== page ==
Efficiency of Interval Walking Training (IWT) in patients with T2D has been established.14 In the study by Karstoft et al, IWT was administered and monitored using a small exercise computer (JD-mate). IWT induced significant improvements in physical fitness level, body composition and glycaemic control and in adherence of >85% over a 16-weeks period.14 The potential benefits of implementing eHealth solutions in T2D management and the apparent health benefits of and adherence to IWT gave rise to the development of the InterWalk application (InterWalk app) to deliver IWT.15
There is a lack of knowledge about the integration of PA in the everyday life of the patient following rehabilitation interventions.16 It is, however, known that successful behavioural change depends on an ongoing maintenance of individual motivation regarding the behaviour and behavioural change itself.17 Furthermore, time since onset of diagnosis, unhealthy behaviour and own beliefs about the cause of the problem, together with the number of previous attempts to change and support from partners, peers and health professionals are of relevance.17 This underlines the need for new interventions with a direct focus on motivational support and self-control regarding sustaining a newly acquired behavioural change with PA. To better target and structure manageable interventions related to patients with T2D, understanding patients' individual priorities and values is crucial. In this regard, knowledge of individual motivation and self-efficacy to initiate behavioural changes becomes essential to understand.17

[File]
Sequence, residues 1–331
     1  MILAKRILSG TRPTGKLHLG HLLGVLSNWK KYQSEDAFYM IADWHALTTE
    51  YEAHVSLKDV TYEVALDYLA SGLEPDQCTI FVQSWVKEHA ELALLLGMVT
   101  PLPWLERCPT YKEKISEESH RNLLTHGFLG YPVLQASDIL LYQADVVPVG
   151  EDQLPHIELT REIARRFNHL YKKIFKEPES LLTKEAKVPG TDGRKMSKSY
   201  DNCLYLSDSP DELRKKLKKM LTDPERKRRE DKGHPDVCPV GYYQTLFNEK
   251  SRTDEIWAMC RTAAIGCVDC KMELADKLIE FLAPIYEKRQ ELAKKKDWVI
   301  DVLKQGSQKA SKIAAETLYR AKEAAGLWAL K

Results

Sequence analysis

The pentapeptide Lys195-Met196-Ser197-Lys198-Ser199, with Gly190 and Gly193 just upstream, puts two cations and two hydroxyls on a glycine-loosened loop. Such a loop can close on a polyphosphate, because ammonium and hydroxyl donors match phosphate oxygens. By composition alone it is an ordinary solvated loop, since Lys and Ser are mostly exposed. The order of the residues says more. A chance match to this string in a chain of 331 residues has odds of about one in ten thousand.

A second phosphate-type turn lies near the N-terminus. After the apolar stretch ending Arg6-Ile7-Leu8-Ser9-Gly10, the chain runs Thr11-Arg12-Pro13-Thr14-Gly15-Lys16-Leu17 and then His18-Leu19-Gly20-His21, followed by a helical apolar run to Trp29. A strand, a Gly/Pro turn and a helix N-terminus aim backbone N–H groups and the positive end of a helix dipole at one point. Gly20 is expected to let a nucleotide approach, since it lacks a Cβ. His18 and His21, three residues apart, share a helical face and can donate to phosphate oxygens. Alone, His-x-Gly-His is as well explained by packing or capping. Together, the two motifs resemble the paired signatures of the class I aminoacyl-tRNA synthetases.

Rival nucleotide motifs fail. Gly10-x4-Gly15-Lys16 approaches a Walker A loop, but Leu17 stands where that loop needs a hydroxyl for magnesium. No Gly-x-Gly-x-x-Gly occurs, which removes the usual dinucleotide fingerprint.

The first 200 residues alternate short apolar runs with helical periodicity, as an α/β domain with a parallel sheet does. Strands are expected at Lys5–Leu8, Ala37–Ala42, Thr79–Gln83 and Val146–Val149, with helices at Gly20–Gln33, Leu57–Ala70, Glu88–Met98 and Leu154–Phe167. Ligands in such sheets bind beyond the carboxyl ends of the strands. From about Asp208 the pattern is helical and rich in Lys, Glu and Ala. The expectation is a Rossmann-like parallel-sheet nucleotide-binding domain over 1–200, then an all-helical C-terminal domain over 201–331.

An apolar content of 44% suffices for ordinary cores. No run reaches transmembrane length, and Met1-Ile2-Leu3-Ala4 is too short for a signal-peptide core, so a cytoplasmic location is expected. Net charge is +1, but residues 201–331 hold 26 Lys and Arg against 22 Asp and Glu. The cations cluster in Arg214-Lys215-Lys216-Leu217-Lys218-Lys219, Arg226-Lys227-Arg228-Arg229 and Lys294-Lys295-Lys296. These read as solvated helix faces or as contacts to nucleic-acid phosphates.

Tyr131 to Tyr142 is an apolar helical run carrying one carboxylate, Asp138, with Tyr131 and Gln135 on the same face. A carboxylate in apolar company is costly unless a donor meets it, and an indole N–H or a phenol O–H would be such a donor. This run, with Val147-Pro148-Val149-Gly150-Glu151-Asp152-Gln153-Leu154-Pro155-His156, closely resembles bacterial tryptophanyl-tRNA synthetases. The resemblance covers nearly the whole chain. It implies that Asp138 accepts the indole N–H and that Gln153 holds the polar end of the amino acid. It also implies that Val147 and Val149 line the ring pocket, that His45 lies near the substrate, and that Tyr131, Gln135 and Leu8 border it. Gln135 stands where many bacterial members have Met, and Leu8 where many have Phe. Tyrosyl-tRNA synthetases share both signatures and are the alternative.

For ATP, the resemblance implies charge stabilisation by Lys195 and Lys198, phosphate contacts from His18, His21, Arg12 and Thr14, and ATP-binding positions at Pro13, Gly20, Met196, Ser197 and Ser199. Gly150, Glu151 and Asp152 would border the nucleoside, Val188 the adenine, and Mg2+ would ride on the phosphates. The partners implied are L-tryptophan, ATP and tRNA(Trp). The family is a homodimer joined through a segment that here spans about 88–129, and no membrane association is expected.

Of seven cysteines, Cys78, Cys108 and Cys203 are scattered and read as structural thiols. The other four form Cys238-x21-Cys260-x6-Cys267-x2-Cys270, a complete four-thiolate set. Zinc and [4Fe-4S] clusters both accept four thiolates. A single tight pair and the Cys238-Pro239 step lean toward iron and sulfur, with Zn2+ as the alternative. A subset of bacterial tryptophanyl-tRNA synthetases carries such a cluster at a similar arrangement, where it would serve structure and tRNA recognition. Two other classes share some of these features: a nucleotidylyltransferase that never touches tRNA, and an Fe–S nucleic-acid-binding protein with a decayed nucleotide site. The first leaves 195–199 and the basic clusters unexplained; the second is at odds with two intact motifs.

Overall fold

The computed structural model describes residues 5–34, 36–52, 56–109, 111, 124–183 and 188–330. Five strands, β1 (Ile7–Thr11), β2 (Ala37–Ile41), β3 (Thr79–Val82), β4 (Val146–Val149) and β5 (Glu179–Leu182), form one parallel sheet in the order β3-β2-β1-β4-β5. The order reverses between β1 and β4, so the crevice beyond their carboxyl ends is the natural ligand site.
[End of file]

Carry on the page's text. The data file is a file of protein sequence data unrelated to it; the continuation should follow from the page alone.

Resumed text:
This paper presents a detailed protocol for the InterWalk randomised controlled trial and is described in accordance with the SPIRIT guidelines (Standard Protocol Items: Recommendations for Interventional Trials).18 Results from the trial will follow CONSORT guidelines (CONsolidated Standards Of Reporting Trials) for non-pharmacological interventions.19
Trial objective and hypothesis
The objective of the trial is to investigate whether mobile support using the InterWalk application for smartphones is effective in increasing PA levels in persons with T2D over time compared with a standard care rehabilitation programme.